Monday, April 28, 2014

A weekend in Suzhou (Part 1)

Ask a Chinese person to describe Sūzhōu 苏州, a canal town located in Jiāngsū Province 江苏省, and chances are pretty good that he or she will mention gardens, canals, silk or some combination thereof. Located a mere half-hour or so from Shànghăi 上海, it's a popular weekend/holiday destination - too popular, at times, in this day and age of growing affluence combined with ease of transportation. Our sleeping spot for this past weekend in Suzhou was the Píngjiāng Lodge 平江客栈, a 400-year residence with courtyards, gardens and delightful period-style rooms and furnishings. The only drawback to the place is the paper-thin walls, which keep privacy to a bare minimum. If this was how things were back then, it makes you wonder how so many Chinese came about being brought into this world:

Saturday morning in Suzhou. Our hotel was located on Pingjiang Lù 平江路, a cobblestone street parallel to one of the city's many canals and lined with numerous cafes and souvenir shops, a place where cats can chill in storefront windows:

Our first sightseeing destination was one of Suzhou's most famous gardens. The Lions' Grove 狮子林 is only one hectare (2.5 acres) in size. It was laid out by a Buddhist monk in 1350 and is noted for its supposedly lion-shaped rocks. The rocks form a kind of labyrinth, which was great fun for my daughter to explore. For me, however, the steady drizzle (it would rain for much of the time we were in Suzhou, though fortunately not too heavily) meant the surfaces were slippery, while the crowds (Suzhou and its famed gardens are overrun with tour groups led by megaphone-carrying guides) added to the maneuvering difficulties:

From the Lions' Grove, the busy street was an ideal place both to buy something made from silk...

...and to purchase a tasty snack from one of the many food stands:

Did I mention Suzhou is a canal town? We ended having lunch at the third restaurant from the left:

The Humble Administrator's Garden 拙政园 is so named because it was established back in 1509 by an official who was stripped of his duties to the point that he was left with only this garden. Five times the size of Lions' Grove, it's anything but humble, with floral displays, expanses of lawn and a bonsai garden:

Credit where credit is due: Amber would like it known that it was she, and not her father, who took this photo of a duck:

The Humble Administrator's Garden is impressive, but even so, we soon became gardened-out. Though its larger size made it feel less claustrophobic than Lions' Grove, the noise and bodies eventually became too much. What were once small, private intellectual retreats intended for quiet contemplation and consideration of Taoist philosophy are now just one more stop on a tour bus itinerary. Presumably a weekday morning would allow for a much better appreciation of the gardens' original intentions, but we didn't have that luxury on a Saturday before lunchtime:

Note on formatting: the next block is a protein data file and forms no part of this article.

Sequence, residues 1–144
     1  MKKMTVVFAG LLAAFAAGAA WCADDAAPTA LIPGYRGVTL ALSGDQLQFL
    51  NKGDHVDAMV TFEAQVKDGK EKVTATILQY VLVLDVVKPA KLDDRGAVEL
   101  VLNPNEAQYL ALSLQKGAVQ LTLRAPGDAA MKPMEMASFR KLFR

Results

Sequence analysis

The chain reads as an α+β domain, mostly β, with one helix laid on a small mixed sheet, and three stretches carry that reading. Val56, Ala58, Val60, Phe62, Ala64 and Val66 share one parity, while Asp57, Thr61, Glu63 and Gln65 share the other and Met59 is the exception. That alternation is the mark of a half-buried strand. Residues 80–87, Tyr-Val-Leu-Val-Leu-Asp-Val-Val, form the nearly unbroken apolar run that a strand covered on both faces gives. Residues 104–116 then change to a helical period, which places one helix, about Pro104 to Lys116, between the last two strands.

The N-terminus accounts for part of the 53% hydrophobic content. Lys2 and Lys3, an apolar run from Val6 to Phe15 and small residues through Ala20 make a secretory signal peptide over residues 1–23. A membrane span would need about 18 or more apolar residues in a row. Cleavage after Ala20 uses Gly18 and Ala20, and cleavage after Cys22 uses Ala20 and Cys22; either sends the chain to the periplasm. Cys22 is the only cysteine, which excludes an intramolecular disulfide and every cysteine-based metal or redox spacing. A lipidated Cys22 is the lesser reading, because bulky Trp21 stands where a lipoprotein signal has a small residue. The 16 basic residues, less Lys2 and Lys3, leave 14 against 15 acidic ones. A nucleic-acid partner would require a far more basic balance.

In a change of pace from gardens, after lunch the three of us walked over to the North Temple Pagoda 北寺塔. Nine stories high, it's the tallest pagoda south of the Yangtze River 长江:

The city of Suzhou from 76 meters (249 feet) up:

The best thing about the pagoda was its height, for it kept the majority of the tour bus hordes from huffing and puffing their way up the stairs to the top. They also ignored the surrounding garden and temple, providing the first real peace and quiet since our arrival in Suzhou the previous evening:

Across the street from the North Temple Pagoda is the Suzhou Silk Museum 苏州丝绸博物馆, dedicated to Suzhou's 4000 year-old history of silk production. The displays are well-captioned in English, and there are examples of clothing, looms and so on...

...but the most fascinating exhibit had to be the live silkworms munching on mulberry leaves:

It was a long walk from the silk museum back to Pingjiang Lu:

After dinner, we debated whether we should check out the nightly music show put on for the tourists at yet another of Suzhou's famous gardens, the Garden of the Master of the Nets 网师园, but the combination of rain, high entry fees and the probability of having to flag down a cab led to the decision to take things easy that evening. So instead the girls went out to have their hair washed at a local salon, while your humble scribe took a stroll around a more modern area of Suzhou, discovering in the process where all the fast food outlets and chain stores had been hiding out:

To be continued...

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